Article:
Boeing’s Fourth Quarter Deliveries Up


While still far behind its output in 2018, down 60% from 2019, and trailing Airbus for recent deliveries, Boeing did pick up delivery volume in the final quarter of 2020. In delivery stats posted this week, Boeing says it delivered 31 737 models in the last quarter, bringing its yearly total to just 43. It also saw deliveries across its commercial catalog, including the 777 (11 delivered), 767 (10), 787 (4) and 747 (3). Boeing previously said it is ending production of the 747 next year and is in the process of moving its 787 Dreamliner production to a single line in South Carolina.

“Through the global pandemic, we took meaningful steps to adapt to our new market, transform our business and deliver for our commercial, defense, space and services customers in 2020,” said Greg Smith, Boeing executive vice president of Enterprise Operations and chief financial officer. “The resumption of 737 MAX deliveries in December was a key milestone as we strengthen safety and quality across our enterprise. We also continued comprehensive inspections of our 787 airplanes to ensure they meet our highest quality standards prior to delivery. While limiting our 787 deliveries for the quarter, these comprehensive inspections represent our focus on safety, quality and transparency, and we’re confident that we’re taking the right steps for our customers and for the long term health of the 787 program. As we continue navigating through the pandemic, we’re working closely with our global customers and monitoring the slow international traffic recovery to align supply with market demand across our widebody programs. In 2021, we’ll continue taking the right actions to enhance our safety culture, preserve liquidity and transform our business for the future.”

Boeing says the 737 line will see a gradual production increase to 31 a month by the beginning of 2022, “with further gradual increases to correspond with market demand.” There are still more than 3,400 orders on the books for 737 models, led by the recently returned to service MAX models. The planemaker has, however, taken more than 1,100 MAX orders off the book, either from outright cancellations or through accounting changes that acknowledge many of the airlines or leasing companies will be financially unable to complete the purchases.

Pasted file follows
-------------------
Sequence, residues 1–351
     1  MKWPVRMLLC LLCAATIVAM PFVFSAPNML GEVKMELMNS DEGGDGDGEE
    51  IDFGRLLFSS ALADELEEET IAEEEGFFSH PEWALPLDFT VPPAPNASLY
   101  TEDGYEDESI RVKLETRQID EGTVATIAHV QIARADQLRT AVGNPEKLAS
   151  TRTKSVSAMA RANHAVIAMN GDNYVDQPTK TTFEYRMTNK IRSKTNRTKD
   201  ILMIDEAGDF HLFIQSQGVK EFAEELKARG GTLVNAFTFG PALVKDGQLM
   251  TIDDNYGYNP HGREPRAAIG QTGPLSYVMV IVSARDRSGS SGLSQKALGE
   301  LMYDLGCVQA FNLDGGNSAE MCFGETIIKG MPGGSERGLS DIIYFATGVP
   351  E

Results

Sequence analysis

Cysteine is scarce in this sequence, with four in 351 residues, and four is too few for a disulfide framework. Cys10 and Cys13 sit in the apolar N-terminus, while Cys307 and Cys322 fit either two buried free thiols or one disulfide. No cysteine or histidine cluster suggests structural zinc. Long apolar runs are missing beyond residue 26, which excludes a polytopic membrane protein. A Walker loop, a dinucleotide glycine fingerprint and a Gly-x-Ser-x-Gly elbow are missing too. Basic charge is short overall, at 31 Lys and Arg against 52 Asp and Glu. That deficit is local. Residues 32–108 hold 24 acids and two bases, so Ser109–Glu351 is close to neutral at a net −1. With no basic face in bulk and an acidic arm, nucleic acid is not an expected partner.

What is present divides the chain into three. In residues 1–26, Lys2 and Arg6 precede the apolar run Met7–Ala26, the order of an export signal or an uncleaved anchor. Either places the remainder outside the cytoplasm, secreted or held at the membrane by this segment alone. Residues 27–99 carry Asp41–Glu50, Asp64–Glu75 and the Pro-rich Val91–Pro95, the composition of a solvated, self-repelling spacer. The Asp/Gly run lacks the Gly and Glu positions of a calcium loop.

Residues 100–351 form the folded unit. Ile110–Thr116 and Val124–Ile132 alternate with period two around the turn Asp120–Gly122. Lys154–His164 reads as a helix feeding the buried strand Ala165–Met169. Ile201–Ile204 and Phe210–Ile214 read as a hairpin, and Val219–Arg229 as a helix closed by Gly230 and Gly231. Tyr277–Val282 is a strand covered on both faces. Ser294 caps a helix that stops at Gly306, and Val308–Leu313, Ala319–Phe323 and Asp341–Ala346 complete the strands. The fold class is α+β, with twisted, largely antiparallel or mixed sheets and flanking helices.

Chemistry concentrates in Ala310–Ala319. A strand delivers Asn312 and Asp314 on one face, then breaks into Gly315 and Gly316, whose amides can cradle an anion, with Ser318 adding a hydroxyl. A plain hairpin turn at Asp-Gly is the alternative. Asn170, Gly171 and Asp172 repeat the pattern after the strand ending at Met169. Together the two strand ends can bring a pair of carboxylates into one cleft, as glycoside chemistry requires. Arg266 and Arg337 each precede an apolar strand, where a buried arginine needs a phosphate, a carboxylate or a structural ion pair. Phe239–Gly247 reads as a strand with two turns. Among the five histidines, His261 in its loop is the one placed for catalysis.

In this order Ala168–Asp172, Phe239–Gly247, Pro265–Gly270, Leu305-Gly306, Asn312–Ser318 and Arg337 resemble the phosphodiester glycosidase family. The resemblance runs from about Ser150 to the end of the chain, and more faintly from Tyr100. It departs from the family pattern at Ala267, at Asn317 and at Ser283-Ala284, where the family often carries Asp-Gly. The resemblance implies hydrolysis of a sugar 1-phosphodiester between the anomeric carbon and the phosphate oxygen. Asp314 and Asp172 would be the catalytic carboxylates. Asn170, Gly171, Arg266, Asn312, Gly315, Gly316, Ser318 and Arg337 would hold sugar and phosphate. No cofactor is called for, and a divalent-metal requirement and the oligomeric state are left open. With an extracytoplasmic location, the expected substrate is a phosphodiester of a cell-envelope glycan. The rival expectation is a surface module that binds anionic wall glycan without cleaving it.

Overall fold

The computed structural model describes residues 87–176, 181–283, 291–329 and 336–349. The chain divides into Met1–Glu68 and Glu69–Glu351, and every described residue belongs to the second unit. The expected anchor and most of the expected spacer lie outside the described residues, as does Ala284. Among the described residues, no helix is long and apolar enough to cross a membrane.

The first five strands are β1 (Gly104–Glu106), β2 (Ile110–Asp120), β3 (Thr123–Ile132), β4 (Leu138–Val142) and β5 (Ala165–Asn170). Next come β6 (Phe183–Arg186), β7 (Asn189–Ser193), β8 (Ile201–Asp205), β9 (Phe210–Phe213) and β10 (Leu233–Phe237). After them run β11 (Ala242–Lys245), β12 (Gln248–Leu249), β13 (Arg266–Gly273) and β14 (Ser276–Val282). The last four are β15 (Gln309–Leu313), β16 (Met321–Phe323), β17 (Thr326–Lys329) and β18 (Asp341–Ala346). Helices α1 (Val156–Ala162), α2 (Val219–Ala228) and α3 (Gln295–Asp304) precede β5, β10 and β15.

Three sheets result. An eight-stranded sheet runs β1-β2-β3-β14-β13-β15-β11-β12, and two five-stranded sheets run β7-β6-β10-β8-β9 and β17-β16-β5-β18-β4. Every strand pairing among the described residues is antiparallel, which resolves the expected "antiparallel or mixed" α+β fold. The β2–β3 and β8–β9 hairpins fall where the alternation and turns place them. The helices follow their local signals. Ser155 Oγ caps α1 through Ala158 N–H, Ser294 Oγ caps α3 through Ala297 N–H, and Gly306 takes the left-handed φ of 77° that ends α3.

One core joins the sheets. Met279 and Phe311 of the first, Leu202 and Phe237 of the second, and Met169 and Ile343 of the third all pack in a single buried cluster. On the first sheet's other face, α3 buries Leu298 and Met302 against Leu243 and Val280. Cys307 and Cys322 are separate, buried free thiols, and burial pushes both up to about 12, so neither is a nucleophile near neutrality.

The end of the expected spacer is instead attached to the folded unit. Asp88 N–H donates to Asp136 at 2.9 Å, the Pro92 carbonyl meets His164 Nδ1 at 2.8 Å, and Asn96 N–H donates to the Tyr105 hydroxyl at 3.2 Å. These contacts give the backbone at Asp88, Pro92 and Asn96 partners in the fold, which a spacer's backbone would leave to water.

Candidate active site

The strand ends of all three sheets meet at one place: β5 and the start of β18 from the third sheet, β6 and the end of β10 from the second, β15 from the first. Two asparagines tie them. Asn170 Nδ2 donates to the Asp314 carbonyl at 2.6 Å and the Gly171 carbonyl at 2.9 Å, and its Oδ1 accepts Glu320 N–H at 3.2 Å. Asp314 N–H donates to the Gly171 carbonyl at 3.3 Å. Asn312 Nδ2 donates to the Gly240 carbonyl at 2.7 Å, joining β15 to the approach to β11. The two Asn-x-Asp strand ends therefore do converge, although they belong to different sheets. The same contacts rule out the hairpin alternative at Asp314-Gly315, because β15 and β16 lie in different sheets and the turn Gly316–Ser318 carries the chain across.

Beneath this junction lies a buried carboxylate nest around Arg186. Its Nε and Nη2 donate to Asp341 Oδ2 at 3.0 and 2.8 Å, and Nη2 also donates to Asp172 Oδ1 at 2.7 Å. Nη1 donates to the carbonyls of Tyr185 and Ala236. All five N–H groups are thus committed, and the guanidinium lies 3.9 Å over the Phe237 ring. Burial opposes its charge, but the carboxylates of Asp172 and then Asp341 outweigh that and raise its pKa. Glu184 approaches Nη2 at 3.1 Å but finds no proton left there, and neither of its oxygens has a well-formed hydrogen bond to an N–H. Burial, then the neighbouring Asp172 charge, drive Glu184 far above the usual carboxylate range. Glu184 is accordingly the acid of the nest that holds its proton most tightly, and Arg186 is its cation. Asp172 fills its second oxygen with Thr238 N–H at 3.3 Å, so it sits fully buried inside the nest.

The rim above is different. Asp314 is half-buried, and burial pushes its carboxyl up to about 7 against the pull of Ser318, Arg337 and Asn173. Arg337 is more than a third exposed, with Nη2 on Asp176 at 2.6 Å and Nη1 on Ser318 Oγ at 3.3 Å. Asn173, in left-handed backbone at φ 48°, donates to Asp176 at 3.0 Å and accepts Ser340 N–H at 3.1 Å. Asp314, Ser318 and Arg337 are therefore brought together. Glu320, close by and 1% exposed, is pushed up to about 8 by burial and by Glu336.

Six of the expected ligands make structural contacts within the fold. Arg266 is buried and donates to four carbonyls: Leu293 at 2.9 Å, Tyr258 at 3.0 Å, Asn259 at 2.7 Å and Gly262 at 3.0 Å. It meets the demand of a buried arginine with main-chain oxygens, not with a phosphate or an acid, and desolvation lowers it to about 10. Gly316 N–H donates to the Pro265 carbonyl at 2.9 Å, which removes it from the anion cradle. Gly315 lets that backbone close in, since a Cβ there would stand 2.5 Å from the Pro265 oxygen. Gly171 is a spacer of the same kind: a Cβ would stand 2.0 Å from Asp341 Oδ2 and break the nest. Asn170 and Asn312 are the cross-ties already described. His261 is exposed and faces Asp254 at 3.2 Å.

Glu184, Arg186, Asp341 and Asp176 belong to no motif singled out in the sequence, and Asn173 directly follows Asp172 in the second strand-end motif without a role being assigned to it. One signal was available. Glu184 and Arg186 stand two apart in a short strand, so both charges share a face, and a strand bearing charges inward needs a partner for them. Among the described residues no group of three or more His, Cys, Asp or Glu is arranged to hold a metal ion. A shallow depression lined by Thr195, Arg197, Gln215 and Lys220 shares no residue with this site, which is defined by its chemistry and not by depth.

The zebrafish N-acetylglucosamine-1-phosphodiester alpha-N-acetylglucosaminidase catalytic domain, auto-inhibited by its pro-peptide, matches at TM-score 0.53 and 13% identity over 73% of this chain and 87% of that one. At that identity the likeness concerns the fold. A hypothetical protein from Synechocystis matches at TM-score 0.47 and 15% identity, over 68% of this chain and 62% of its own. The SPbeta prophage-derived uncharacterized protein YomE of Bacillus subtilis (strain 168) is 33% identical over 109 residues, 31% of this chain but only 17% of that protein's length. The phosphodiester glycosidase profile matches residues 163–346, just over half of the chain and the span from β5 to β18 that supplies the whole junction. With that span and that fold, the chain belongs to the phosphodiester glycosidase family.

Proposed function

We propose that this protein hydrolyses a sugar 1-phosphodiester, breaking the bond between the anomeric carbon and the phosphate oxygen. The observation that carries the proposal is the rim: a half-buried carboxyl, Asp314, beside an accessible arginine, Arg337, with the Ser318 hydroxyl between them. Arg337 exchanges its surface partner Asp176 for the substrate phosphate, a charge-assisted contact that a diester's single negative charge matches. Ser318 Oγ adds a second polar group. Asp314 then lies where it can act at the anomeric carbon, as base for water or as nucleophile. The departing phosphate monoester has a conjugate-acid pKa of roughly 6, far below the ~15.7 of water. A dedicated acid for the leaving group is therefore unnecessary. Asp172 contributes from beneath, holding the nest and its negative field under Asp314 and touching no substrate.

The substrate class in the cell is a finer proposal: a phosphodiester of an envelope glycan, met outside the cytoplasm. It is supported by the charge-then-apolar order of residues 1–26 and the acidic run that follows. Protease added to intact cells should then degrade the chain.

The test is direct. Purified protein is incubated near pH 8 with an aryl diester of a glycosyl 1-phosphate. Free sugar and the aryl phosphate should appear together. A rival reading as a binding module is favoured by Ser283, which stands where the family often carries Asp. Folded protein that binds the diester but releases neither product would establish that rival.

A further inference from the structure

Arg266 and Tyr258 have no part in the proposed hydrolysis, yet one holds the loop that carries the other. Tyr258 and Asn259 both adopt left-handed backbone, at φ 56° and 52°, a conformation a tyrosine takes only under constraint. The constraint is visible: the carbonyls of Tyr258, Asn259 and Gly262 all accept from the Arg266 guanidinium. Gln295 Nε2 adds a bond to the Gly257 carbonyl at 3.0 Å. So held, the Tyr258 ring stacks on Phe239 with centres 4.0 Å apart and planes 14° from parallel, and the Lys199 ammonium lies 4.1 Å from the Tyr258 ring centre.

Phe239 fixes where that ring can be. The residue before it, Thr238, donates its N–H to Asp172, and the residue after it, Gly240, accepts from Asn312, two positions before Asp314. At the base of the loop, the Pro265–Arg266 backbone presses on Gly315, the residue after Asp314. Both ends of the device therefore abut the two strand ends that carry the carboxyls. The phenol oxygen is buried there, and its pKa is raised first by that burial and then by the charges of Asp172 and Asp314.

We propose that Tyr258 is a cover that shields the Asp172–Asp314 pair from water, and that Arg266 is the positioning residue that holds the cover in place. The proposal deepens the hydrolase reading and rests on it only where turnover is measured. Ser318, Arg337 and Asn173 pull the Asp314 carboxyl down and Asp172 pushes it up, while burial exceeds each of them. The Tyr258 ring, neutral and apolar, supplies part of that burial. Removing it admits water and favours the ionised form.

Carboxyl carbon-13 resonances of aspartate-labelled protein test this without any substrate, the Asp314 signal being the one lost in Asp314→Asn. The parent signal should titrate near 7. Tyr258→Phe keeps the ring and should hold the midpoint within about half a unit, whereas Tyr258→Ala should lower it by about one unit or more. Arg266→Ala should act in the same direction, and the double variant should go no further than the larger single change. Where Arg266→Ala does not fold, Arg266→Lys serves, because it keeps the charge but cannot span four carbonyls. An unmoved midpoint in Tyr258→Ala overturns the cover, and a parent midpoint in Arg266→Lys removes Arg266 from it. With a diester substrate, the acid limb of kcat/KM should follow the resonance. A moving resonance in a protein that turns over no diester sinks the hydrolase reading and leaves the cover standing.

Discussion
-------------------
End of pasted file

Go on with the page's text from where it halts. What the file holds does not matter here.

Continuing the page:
Boeing plans to reduce production on other models through 2021, though. The 777 will drop to just two a month this year (from five), and the 787 will slow from 10 a month to six. In 2018, Boeing delivered a record 806 commercial jets.

Atlas Air has helped Boeing’s order book by placing an order for four 747-8 freighters this week, which will be delivered in 2022 and are expected to be the last of the venerable 747 design to be produced.

Marc Cook
KITPLANES Editor in Chief Marc Cook has been in aviation journalism for more than 30 years. He is a 4000-hour instrument-rated, multi-engine pilot with experience in nearly 150 types. He’s completed two kit aircraft, an Aero Designs Pulsar XP and a Glasair Sportsman 2+2, and currently flies a 2002 GlaStar.

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  1. Boeing’s liquidity ratio (assets/liabilities) declined 22% from 2015-2019, while their cash ratio shrank
    by 58%. At the beginning of 2020, those figures were the lowest in the industry (1.05 and .10, resp.).
    The NYSE report (readily available online) described Boeing’s overall performance as “deteriorating.”
    That was before the pandemic. It strains credulity to suppose that their situation has improved or
    that their financial outlook is better than it was a year ago, though the year-end figures have yet to
    be posted. Therefore, it is hard to understand what Mr. Smith means when he opines that “in 2021,
    we’ll continue taking the right actions to enhance our safety culture, preserve liquidity and transform
    our business for the future.” Judging by the balance sheet, Boeing’s future is in severe jeopardy, as
    is the gyroscopic equilibrium of their aircraft. To paraphrase Will Rogers, there ain’t much liquidity
    left to preserve, either. The “transformation” that Mr. Smith confidently predicts will undoubtedly
    occur, but it is likely to occur in receivership, pursuant to a Chap. 10 bankruptcy, or else through
    a corporate buy-out, or a shotgun merger between Boeing and one of their erstwhile competitors.
    Whatever the future may bring, in Boeing’s case, it is more than likely to be their aviation history.